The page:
Writing Wednesday 2

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Welcome to Writing Wednesday, my weekly feature where I discuss my works in progress, project ideas, editing struggles, or anything else related to the world of writing. Feel free to grab my button and post your own thoughts on writing! Leave a link to your post in the comments and I’ll stop by.


Today we’re going to pretend that I am most certainly not freaking out about my final papers due next week. We’re also going to pretend that I did not ask for an extension in my writing class because I *cough* haven’t written anything *cough* to turn in just yet because I *cough* also haven’t done any editing *cough*. Ahem. I must be coming down with something.

So instead I’m going to talk about this condition I have. It’s somewhat serious. It’s not life-changing, but it can impact my life negatively. It has been known to cause comparatively sluggish text responses. It often results in excessive use of the backspace key. It also can impair my enjoyment of Twitter.

What I mean to say is, I absolutely, positively cannot speak what I will affectionately term “Teen Text.”

Call it text shorthand, call it simply slang. Call it whatever you want, but don’t ask me to write it. Hell, half the time I can’t even read it. This coming from a girl at the ripe young age of 29.

Every time I get a text from a friend with “u” where I should read “you,” I cringe. I cast no judgment, because I get that it is infinitely easier to communicate in the finite limits of texts and tweets with abbreviated forms. I simply lack the ability to use it.

I’ve tried to adopt this shorthand for myself from time to time, but each new venture ends in hurried backspacing and glances over my shoulder to make sure the Grammar Police didn’t catch me. It just looks so wrong, and after spending nearly two decades practicing correct typing, grammar, and spelling, I just can’t bring myself to use Teen Text.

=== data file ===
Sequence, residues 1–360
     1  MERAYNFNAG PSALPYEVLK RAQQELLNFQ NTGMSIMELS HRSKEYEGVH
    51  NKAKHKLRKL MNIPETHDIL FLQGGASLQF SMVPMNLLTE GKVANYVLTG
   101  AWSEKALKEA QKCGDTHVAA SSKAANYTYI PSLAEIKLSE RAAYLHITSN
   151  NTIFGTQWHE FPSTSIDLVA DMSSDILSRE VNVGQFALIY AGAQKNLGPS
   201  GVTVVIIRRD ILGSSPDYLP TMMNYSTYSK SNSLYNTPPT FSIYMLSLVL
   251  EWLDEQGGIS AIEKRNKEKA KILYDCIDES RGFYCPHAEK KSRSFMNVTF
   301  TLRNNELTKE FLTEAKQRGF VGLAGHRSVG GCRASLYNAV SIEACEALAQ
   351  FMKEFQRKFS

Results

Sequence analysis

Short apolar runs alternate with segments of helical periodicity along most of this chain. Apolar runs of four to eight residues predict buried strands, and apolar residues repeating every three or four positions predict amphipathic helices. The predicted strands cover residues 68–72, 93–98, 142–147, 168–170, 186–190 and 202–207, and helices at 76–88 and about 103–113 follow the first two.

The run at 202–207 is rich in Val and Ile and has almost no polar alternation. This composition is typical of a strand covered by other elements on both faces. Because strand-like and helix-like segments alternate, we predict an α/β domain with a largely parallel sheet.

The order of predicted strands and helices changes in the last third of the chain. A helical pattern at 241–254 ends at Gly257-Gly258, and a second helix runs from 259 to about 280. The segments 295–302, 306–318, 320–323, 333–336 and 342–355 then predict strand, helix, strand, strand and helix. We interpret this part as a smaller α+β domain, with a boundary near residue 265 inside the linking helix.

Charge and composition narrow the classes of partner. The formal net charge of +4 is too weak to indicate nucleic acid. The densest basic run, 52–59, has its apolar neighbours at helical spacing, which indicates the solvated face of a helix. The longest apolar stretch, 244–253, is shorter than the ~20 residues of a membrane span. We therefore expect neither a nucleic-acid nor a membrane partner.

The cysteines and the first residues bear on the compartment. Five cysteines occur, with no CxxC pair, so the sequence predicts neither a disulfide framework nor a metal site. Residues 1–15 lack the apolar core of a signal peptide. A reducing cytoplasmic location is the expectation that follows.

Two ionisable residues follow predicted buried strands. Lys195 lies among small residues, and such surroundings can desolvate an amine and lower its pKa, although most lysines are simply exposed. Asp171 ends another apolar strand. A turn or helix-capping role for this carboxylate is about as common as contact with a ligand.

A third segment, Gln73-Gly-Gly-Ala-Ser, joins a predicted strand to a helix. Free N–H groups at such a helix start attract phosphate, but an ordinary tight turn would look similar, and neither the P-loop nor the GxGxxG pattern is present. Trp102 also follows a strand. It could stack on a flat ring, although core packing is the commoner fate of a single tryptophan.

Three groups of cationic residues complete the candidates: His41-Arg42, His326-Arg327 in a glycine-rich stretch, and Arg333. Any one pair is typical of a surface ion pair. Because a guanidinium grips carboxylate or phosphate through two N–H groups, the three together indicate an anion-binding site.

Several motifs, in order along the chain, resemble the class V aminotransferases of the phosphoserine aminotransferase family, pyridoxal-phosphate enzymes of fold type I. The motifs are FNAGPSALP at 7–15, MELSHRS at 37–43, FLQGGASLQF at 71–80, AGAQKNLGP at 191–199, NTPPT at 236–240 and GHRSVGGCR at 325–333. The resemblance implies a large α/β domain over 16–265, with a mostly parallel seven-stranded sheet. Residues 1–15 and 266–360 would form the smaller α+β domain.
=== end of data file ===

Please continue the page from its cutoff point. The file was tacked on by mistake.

Is it really that much harder to type in sentences? To me, this small act of rebellion is my way of refusing to acknowledge this trend as some kind of game-changer for language. Language will always evolve in ways both strange and economical, but by refusing to make Teen Text a part of my every day life, I like to think I can keep English from making the perilous leap from “you” to “u.”

Because I am the great and powerful Oz. My influence knows no bounds.

This is not to suggest that I can’t throw around a good “lol” every now and again. (Never “LOL” since, as my sister pointed out, What, are you shout laughing?) And I canz lolspeak with the best of them. So why my irritation with Teen Text? I guess it must be this (perhaps) misguided fear that language could take a turn for the worst if we all adopt this manner of communicating. I am the lone holdout, burying my head in the sand as the world evolves around me.

Or perhaps Teen Text is just the Riggs to my Murtough, and I’m just getting too old for this $*@!.

Do you speak Teen Text? Lolspeak? Have any hangups about using either? Talk to me, Goose.





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14 Responses to “Writing Wednesday – The language of Teen Text”

  1. Catherine Stine says:

    Logan, you are hilarious! Yay for proper grammar and spelling, even in texting. And, hey, good luck with your school papers!

  2. Rubita says:

    I began my cellphone life agreeing with you. And I still sometimes get uptight about proper grammar and spelling in texting (especially if I don't know the textee very well), but I admit that I use shorthand. If for no other reason than that I don't want to spend fifteen minutes writing out a text that I could have sent off 14 minutes ago if I hadn't had to fix the b that somehow insinuated itself into the word "you."

  3. bibliophile brouhaha says:

    LOVE this post – I'll do an OMG every once in a while, but that's as close as I get – my hubs laughs that I make sure my contractions have apostrophes in my texts 🙂 Gayle Forman did a post on a site a little while back on how she doesn't do teenspeak either.

  4. Logan E. Turner says:

    @Catherine – Thank you! I need some luck to pull this off!

    @Ruby – I know! It definitely slows me down, but for some reason I just can't bring myself to do it.